Millennials are accused of many failings, from failure to eat cereal to the destruction of soap bars. (Best quote: “If young adults are not even up to the job of cleaning a cereal bowl, is it any wonder they want Bernie Sanders as President?”) But at least the generation has one win to its name, as allotted by the gatekeepers of Millennial shame, the almighty Baby Boomers. Millennials are the best at ignoring advertising.
This impacts marketing, naturally, and has led to the latest logo trend, the wordless logo. Here are the studies behind the move.
Advertising Is Failing
Writing for Digiday, copywriter Mark Duffy drew on his decades of experience to compile the compelling case against advertising's effectiveness. Here are the salient points:
“Native advertising (and other branded content) doesn’t work — nobody remembers the brand. In one survey, two-thirds of those who recalled seeing a native ad remembered absolutely nothing about it, and 95 percent of them didn’t remember who the sponsor was. […]
How about social media advertising — all those retweets and likes must add up to something? Yes, they add up to approximately nothing worth anything: Only 5 percent of people say social media has ‘a great deal of influence' on their purchasing decisions, according to a 2014 Gallup State of the American Consumer report; 30 percent copped ‘some influence.'”
He notes that many expect free services and products, but rely on ad-blockers at the same time. And that even the ironic “no sell” ads lose effectiveness once the novelty wears off.
The Solution? Fewer Words.
How do you advertise with less actual advertising? By staying in the background. Squarespace, for instance, sponsors a huge number of YouTube channels and podcasts, but never interferes with the editorial side. In this model, the video or podcast creator will read out a few lines of copy about a service or product that they genuinely support, just like a 1940s radio might promote that bar soap that Baby Boomers care about so much.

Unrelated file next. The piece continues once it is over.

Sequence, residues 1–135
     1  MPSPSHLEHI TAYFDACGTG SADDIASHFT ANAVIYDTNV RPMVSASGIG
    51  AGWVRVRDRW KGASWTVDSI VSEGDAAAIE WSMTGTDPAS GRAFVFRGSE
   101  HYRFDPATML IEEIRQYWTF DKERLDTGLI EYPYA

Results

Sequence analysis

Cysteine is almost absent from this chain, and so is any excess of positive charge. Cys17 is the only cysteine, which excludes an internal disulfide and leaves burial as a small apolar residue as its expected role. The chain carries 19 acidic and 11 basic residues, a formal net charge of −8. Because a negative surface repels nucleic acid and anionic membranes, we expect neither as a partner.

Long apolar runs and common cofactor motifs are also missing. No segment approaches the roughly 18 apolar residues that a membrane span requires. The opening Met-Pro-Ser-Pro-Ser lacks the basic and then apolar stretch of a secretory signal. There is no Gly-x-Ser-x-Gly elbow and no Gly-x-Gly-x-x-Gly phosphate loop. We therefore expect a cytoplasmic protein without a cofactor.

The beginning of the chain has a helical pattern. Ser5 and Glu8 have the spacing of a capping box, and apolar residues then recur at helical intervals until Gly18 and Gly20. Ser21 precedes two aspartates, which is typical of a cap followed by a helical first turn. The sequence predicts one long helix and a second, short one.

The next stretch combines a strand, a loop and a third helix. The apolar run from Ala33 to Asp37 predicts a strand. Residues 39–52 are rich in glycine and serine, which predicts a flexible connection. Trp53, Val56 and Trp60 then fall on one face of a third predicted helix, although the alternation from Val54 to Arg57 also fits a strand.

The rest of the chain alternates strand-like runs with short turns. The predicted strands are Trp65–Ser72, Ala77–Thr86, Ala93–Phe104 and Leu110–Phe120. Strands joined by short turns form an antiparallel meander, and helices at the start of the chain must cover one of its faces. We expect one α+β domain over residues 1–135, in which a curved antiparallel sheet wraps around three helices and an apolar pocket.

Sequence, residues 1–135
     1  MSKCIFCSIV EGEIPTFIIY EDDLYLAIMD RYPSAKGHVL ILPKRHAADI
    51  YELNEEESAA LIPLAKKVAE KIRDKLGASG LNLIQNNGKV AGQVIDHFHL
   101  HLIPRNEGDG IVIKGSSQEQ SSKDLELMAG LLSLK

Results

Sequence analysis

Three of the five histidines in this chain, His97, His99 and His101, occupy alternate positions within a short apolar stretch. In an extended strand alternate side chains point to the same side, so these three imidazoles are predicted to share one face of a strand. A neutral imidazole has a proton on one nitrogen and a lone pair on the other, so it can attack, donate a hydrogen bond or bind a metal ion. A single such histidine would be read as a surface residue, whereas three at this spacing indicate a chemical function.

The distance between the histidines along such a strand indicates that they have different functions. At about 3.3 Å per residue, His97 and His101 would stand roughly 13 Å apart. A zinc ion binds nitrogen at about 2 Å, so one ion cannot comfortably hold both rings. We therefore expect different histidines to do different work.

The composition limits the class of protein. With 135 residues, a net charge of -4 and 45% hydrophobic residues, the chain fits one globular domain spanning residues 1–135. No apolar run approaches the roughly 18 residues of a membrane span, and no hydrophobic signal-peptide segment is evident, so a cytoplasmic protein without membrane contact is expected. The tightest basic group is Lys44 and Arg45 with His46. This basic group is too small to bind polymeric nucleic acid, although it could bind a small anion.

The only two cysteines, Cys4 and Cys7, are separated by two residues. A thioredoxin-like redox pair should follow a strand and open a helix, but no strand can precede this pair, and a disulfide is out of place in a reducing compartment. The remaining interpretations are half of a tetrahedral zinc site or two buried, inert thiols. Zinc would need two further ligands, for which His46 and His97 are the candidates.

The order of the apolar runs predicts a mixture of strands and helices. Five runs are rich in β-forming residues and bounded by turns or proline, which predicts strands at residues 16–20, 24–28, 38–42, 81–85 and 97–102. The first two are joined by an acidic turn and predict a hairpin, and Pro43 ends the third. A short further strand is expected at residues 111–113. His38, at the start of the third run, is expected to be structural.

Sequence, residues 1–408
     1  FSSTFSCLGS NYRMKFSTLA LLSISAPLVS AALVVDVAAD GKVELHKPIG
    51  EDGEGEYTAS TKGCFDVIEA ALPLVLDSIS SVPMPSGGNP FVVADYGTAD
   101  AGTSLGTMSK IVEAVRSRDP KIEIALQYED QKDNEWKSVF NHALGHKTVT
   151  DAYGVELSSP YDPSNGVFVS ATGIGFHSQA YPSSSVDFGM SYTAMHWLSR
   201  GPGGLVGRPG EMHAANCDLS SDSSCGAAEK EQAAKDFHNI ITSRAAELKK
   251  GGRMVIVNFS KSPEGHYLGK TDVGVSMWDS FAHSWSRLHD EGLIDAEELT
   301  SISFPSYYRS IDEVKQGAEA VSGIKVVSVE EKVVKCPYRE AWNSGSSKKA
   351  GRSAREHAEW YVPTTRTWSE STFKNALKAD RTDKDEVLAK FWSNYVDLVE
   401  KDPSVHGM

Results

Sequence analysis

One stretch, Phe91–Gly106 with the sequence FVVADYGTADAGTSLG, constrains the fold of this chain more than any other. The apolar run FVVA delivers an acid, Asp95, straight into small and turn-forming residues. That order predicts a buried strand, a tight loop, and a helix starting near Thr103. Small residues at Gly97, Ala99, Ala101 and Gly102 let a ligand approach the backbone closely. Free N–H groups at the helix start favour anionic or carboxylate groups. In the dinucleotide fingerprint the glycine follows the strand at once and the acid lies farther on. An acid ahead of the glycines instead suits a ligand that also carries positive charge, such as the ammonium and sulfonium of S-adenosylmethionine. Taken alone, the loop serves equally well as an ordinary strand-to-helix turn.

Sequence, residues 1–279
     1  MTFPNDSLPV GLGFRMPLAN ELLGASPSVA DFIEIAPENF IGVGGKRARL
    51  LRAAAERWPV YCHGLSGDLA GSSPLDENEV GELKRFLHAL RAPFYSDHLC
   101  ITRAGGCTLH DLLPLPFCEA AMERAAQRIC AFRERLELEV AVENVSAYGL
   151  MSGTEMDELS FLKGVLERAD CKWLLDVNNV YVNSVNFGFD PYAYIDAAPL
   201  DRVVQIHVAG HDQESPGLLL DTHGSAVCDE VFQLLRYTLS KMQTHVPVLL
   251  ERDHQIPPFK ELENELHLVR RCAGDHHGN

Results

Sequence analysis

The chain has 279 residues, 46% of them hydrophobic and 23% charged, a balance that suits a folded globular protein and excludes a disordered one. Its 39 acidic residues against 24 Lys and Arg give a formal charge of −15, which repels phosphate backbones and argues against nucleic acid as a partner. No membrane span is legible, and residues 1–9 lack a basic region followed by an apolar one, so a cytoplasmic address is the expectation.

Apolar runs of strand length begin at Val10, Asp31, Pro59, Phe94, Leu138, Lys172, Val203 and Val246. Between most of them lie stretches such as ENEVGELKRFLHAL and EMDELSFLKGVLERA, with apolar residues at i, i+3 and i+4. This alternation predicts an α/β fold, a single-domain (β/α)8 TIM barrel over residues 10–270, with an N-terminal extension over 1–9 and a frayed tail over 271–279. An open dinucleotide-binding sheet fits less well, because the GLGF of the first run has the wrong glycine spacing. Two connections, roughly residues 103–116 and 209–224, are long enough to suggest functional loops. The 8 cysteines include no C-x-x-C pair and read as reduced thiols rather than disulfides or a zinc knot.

But for company branding materials, there's no escaping the inherent need to advertise. One quote from a recent Atlantic article by Kalle Oskari Mattila features Adam Alter, an associate professor of marketing at New York University’s Stern School of Business: “Companies have had to learn subtlety,” he said of the latest branding tactics.
The rise of the wordless logo is explored further in the same article:
“Nameless logos can evoke more personal and immediate reactions—which is important in a media environment with plenty of possible distractions and diversions. ‘Researchers have demonstrated that the use of visual imagery (vs. verbal imagery) in advertising increases consumers’ attention and challenges them to interpret and understand the ad’s message in a more active manner than words do,' wrote Jill J. Avery, a senior lecturer at Harvard Business School, in an email. ‘This process of interpretation or ‘elaboration’ produces a higher quantity of mental images and, in many cases, a more personalized understanding of the ad’s message.' In short, it is easier to make associations based on two bright, primary-colored balls than it is with the word MasterCard.”
What does this mean for a startup in 2016? A wordless logo will appeal to the 20s-30s early adaptor crowd you need to connect with. Let your audience figure out that they want your product, rather than tell them. You'll need to rely on word of mouth above a text-heavy sizzle reel. But hey, at least every other corporation has to do the same, from MasterCard's abstract circles to McDonalds' two-limp-french-fry-looking golden arches.